Man who built fourth largest supermarket chain from a single shop retires to his farm

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The Independent Online

Sir Ken Morrison received a heartfelt standing ovation from analysts yesterday after delivering his final results presentation as company chairman, a sight not often seen among hard-nosed City workers.

Morrisons' chief executive, Marc Bolland, paid his own tribute to Sir Ken, calling him "a unique personality".

"He is a team builder ... he knows how to get the best out of people and they really want to work hard for him," Mr Bolland said. "He has taken a store with a turnover of £50,000 and built it into a nationwide business with turnover of £13bn. These are large steps to take. Some people are able to take some of the steps but he took the whole stairs and he took it on his own, bringing people along with him on the way."

Andrew Kasoulis, retail analyst at Credit Suisse, said: "The market view on the results played second fiddle. It wasn't just about the numbers today, it was about showing gratitude for somebody who has made a fantastic contribution."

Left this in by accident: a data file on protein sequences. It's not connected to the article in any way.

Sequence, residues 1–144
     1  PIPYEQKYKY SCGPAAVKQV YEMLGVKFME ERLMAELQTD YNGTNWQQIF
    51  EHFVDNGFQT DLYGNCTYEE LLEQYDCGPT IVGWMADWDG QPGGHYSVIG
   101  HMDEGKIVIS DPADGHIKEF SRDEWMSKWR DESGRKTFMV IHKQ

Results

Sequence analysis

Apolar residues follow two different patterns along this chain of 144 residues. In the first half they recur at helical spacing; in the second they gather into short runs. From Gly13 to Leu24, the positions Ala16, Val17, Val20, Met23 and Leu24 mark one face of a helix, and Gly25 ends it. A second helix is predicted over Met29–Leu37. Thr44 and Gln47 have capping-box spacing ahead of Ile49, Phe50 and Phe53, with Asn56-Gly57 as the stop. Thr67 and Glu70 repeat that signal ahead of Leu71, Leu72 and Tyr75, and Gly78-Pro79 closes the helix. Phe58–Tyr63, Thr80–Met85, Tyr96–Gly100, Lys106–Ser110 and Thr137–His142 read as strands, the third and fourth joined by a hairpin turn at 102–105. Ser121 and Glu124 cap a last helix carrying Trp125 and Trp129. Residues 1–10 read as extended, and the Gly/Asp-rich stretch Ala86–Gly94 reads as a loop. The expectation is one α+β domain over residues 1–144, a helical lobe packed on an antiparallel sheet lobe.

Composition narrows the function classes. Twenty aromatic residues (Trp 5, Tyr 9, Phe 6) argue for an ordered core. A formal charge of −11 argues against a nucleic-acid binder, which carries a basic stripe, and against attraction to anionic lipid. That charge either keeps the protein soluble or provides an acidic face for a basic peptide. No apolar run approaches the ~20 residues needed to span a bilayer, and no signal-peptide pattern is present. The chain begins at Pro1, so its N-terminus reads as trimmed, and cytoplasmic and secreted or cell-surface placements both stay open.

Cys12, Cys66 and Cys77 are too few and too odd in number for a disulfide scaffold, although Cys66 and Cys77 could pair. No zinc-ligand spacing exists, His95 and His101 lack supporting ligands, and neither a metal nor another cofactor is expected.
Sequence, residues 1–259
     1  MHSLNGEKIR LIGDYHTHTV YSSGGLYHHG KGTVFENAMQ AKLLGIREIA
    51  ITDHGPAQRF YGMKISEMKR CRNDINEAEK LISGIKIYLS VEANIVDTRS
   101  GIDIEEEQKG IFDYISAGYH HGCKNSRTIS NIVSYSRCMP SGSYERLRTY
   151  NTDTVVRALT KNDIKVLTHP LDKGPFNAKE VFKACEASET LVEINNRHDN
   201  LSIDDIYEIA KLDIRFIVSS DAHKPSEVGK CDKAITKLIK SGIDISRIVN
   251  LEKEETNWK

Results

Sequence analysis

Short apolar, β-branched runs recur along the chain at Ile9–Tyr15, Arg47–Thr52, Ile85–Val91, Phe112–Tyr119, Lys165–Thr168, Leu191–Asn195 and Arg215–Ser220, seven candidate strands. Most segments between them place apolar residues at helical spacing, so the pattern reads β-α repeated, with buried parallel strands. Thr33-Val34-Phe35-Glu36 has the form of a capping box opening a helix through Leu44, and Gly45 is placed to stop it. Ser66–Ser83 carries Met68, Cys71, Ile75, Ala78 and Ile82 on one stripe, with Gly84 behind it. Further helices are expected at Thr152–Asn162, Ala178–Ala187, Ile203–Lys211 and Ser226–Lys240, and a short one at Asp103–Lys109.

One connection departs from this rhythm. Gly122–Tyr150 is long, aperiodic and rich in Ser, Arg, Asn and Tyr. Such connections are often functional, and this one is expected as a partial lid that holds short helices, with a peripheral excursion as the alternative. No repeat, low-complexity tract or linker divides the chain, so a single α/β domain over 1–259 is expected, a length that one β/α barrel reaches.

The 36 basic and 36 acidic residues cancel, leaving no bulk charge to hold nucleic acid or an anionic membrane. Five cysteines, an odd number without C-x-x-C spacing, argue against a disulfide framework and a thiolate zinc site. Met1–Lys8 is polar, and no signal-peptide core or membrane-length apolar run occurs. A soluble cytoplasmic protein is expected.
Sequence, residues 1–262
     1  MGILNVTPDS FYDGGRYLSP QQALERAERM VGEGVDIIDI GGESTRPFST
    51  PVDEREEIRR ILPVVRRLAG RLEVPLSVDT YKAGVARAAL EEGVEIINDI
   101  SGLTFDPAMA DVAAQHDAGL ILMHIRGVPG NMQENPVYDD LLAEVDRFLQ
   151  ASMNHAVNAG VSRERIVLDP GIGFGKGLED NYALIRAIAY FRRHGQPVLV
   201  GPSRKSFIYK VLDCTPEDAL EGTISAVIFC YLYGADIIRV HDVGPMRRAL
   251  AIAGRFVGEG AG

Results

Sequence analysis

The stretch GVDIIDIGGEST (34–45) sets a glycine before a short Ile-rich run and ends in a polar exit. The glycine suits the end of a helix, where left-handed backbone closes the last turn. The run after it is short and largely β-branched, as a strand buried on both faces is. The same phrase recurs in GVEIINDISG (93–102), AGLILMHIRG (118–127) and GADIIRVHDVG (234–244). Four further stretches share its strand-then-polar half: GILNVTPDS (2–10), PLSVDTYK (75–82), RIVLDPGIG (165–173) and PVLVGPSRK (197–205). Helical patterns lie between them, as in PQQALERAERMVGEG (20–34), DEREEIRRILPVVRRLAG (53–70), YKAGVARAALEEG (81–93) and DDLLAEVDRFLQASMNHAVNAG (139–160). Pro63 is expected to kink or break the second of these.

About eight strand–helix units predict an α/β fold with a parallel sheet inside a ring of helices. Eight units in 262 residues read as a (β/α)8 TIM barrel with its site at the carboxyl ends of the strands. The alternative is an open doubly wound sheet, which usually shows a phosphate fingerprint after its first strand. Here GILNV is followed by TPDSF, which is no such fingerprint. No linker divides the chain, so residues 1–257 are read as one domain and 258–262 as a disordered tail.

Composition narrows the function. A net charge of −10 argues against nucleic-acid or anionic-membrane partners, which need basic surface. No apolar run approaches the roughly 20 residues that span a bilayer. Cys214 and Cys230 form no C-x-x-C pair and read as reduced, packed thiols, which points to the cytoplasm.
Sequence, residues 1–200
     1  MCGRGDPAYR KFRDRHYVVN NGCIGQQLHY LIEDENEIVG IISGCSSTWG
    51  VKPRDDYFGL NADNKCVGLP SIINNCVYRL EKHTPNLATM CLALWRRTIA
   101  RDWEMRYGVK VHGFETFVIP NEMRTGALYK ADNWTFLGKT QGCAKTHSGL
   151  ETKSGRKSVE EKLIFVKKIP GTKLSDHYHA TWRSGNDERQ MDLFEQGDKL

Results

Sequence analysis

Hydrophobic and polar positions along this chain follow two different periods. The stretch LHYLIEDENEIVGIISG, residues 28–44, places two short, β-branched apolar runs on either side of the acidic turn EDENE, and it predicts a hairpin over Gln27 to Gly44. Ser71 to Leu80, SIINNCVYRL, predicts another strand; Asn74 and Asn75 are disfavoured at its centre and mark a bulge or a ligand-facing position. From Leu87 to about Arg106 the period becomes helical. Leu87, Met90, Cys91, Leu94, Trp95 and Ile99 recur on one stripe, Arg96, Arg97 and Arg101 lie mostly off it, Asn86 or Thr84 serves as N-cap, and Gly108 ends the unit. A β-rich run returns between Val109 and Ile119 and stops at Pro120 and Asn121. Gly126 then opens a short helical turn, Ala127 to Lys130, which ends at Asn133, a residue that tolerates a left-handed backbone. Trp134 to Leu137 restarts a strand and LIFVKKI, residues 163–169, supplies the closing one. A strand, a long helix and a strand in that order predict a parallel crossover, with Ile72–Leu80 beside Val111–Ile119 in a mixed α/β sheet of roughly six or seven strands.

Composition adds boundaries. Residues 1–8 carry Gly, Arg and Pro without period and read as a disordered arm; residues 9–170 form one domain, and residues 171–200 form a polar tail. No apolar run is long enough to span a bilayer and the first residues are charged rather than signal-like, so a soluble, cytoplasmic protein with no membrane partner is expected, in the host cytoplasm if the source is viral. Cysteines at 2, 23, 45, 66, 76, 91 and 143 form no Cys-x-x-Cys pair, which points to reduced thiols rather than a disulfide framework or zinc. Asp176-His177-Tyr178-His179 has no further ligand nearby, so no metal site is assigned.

Sir Ken's father, William Morrison, started the family business with an egg and butter market stall in Bradford. His son joined him after returning from national service in 1952, and went on to be managing director from 1956 to 1997. Under his leadership, Morrisons opened a small town centre shop in 1958, the first in Bradford to offer self-service and to have prices on its products. And in 1967 it listed on the stock market – the share offer was 174 times oversubscribed as more than 80,000 investors tried to snap up shares. The company went on to become the UK's fourth largest food retailer with 375 stores nationwide serving nine million customers.

It has not all been plain sailing. Morrisons struggled following its £3.35bn takeover of Safeway four years ago, which led to many in the City calling for Sir Ken to go – although yesterday's results indicate the group is finally beginning to reap the benefits of the acquisition.

Sir Ken said the biggest changes he had seen had been the greater affluence of the nation, greater mobility and "enormous strides in packaging".

Although the 76-year-old will continue in an ambassadorial role as honorary president, he said he is looking forward to a good rest and doing some of the things he has been too busy to do over the past 55 years. "I'm a keen gardener and have a little farm which struggles to make a living and I get a lot of pleasure from that," he said. "I am looking forward to the open air."

The Yorkshireman, a father of five, known for his hands-on approach to retailing, said his greatest achievement had been "building up a team of people that want to make a fantastic business".

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